Marie Vieux Chauvet

Marie Vieux-Chauvet
Vieux-Chauvet, Port-au-Prince 1963
Vieux-Chauvet, Port-au-Prince 1963
Born (1916-09-16)September 16, 1916
Port-au-Prince, Haiti
Died (1973-06-19)June 19, 1973
New York City
Pen name Colibri
Occupation Writer
Nationality Haitian
Period 1947–73
Genre Novels, plays, short stories
Spouses Dr. Aymon Charlier, Pierre Chauvet
Relatives Constant Vieux (Father), Delia Nones (Mother)

Marie Vieux-Chauvet (September 16, 1916 – June 19, 1973)[1] was a Haitian novelist, poet and playwright. Born and educated in Port-au-Prince, she is most famous works for the novels Fille d'Haïti (1954), La Danse sur le Volcan (1957), Fonds des Nègres (1961), and Amour, Colère, Folie (1969).[2] She was also published under her maiden name, Marie Vieux.

Family history

Marie Vieux-Chauvet was born in Port-au-Prince, Haiti, on September 16, 1916, to Constant Vieux, a Haitian politician, and his wife Delia Nones, a woman originally from the Virgin Islands.[3] Marie completed her studies at the l'Annexe de l'École Normale d'Institutrices and obtained a degree in elementary education in 1933.[3] She married Aymon Charlier, a doctor, then divorced him. She later married Pierre Chauvet, a travel agent.[3]


Vieux-Chauvet's works focus on class, color, race, gender, family structure and the upheaval of Haitian political, economic and social society during the United States occupation of Haiti[4] and dictatorship of François Duvalier. Although she lived under heavy surveillance during Duvalier's dictatorship, Vieux-Chauvet persisted as a writer, hosting meetings of the Les Araignées du Soir (Evening Spiders), a group of poets and writers of which she was the only female.

Vieux-Chauvet sent a trilogy of novellas to France to be published as a single book titled Amour, Colère, Folie (Love, Anger, Madness).[5] The trilogy Amour, Colère, Folie was published in 1968 by the prestigious publishing house Gallimard in Paris[2] with the support of Simone de Beauvoir. The trilogy was perceived as an attack on the Haitian dictator François Duvalier.[2] Fearing the dictator's legions of Tonton Macoutes, her husband bought all the copies of the book he could find in Haiti,[2] and Vieux-Chauvet's daughters bought the remaining copies from Gallimard a few years later.

She moved to New York City, where she worked as a housekeeper, and she remarried. She died of brain cancer in the United States on June 19, 1973.

Extracts from her work appear in the anthologies Her True-True Name[6] and Daughters of Africa.[7] An English translation of Amour, Colère, Folie (Love, Anger, Madness) by Rose-Myriam Réjouis and Val Vinokur was published in 2009 with an introduction by Haitian-American writer Edwige Danticat.

Literary awards

  • 1954 Prix de l'Alliance Française for Fille d'Haïti[3]
  • 1960 Prix France-Antilles for Fonds des Nègres[3]
  • 1986 Prix Deschamps (posthumous), for Amour, Colère et Folie[3]



  • Fille d'Haïti (Paris: Fasquelle, 1954; Paris: Zellige, 2014)[3]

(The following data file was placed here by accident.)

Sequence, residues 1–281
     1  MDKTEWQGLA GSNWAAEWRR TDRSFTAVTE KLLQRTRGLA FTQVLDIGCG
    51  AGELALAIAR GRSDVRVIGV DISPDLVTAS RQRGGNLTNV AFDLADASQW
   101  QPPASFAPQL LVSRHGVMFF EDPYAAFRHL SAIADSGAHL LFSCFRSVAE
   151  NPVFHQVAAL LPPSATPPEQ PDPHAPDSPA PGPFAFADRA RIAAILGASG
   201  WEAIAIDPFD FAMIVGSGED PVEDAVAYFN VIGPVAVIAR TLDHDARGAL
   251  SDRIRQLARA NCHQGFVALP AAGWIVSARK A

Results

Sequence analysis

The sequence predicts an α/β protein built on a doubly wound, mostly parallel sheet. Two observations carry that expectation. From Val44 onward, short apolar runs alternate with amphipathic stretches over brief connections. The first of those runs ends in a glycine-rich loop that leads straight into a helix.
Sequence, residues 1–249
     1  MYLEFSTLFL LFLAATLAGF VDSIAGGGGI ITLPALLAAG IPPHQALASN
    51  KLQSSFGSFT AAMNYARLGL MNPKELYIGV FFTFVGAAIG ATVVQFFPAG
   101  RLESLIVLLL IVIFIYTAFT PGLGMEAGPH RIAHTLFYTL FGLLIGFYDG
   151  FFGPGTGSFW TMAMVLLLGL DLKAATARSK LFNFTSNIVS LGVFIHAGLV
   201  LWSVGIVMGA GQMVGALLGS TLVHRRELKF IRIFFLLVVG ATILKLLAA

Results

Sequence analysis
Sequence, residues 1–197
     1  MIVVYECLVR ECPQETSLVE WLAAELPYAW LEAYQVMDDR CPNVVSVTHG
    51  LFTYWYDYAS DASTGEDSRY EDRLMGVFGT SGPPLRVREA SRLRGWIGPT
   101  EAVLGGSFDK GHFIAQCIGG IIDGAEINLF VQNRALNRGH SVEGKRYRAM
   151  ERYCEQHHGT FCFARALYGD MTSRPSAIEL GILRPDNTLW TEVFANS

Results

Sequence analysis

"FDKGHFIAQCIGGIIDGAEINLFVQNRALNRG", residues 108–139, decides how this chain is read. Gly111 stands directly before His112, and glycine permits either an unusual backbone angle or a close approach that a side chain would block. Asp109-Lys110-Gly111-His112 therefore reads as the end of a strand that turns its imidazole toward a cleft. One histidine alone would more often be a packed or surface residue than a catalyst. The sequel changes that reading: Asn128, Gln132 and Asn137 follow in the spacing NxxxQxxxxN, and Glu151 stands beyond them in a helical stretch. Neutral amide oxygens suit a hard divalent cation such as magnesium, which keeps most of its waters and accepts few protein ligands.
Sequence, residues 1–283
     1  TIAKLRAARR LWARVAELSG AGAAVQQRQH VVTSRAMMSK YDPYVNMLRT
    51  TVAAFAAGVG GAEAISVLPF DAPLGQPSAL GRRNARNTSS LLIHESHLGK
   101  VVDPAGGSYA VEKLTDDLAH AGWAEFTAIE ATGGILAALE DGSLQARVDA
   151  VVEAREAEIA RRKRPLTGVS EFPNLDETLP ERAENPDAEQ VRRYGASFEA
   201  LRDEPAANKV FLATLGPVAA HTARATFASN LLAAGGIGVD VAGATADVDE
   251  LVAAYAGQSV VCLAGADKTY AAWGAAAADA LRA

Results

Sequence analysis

• La Danse sur le Volcan (Paris: Plon, 1957; Paris / Léchelle: Maisonneuve & Larose / Emina Soleil, 2004 (reprint with a preface by Catherine Hermary-Vieille); Léchelle: Zellige, 2008, 2009)[3] Translated into English by Salvator Attanasio as Dance on the Volcano (New York: William Sloane Associates, 1959)
  • Fonds des Nègres (Port-au-Prince: Henri Deschamps, 1960)[3]
  • Amour, Colère et Folie (Paris: Gallimard, 1968; Paris / Léchelle: Maisonneuve & Larose / Emina Soleil, 2005; Léchelle: Zellige, 2007, 2011; Paris: Zulma, 2015)[3]
  • Les Rapaces (Port-au-Prince: Deschamps, 1986)[3]


  • La Légende des Fleurs (Port-au-Prince: Henri Deschamps, 1947; Port-au-Prince: Éditions Marie Vieux, 2009)[3]
  • Samba (produced around 1948 in Port-au-Prince. Unpublished)[3]
  • Amour, Colère et Folie (adapted by José Pliya, Paris: Avant-Scène Théâtre, 2008). Amour was produced by Vincent Goethals, with Magali Comeau-Denis (Claire) and Cyril Viallon (dancer) and performed at L'Artchipel in Guadeloupe in 2008; Colère was produced by François Rancillac, with Nicole Dogué (Laura), at L'Artchipel in October 2008; Folie was produced by José Exélis in October 2009 at L'Artchipel.[3]

Short story

  • 'Ti-Moune nan Bois (Optique 7. September 1954: 57-60)[3]


  1. ^ "Chauvet, Marie". The Library of Congress. Retrieved 2018-05-14.CS1 maint: others (link)
  2. ^ a b c d Smarth Bell, Madison (January 14, 2010). "Permanent Exile: On Marie Vieux-Chauvet". The Nation. Retrieved March 14, 2015.
  3. ^ a b c d e f g h i j k l m n o Vitiello, Joelle. "Marie Chauvet". Île en Île. Retrieved March 14, 2015.
  4. ^ "U.S. Department of State, Office of the Historian".
  5. ^ Hoover, Elizabeth (August 9, 2010). "Between Squalor and Splendor: Haitian Literature and National Crisis". Sampsonia Way. City of Asylum/Pittsburgh. Retrieved October 26, 2015.
  6. ^ Pamela Mordecai and Elizabeth Wilson (eds), Her True-True Name, Heinemann, 1989.
  7. ^ Margaret Busby (ed.), Daughters of Africa, London: Jonathan Cape, 1992.

Further reading

  • Chancy, Myriam. Framing Silence: Revolutionary Novels by Haitian Women. New Brunswick: Rutgers University Press, 1997.
  • Dalleo, Raphael. Caribbean Literature and the Public Sphere: From the Plantation to the Postcolonial. Charlottesville: University of Virginia Press, 2011.
  • Dash, Michael. The Other America: Caribbean Literature in a New World Context. Charlottesville: University of Virginia Press, 1998.
  • Dayan, Joan. Haiti, History and the Gods. Berkeley: University of California, 1998.
  • Maximilien Laroche Trois études sur Folie de Marie Chauvet, Collection Essais, Québec, GRELCA. 1984
  • Schutt-Ainé, Patricia (1994). Haiti: A Basic Reference Book. Miami, Florida: Librairie Au Service de la Culture. p. 101. ISBN 0-9638599-0-0.

See also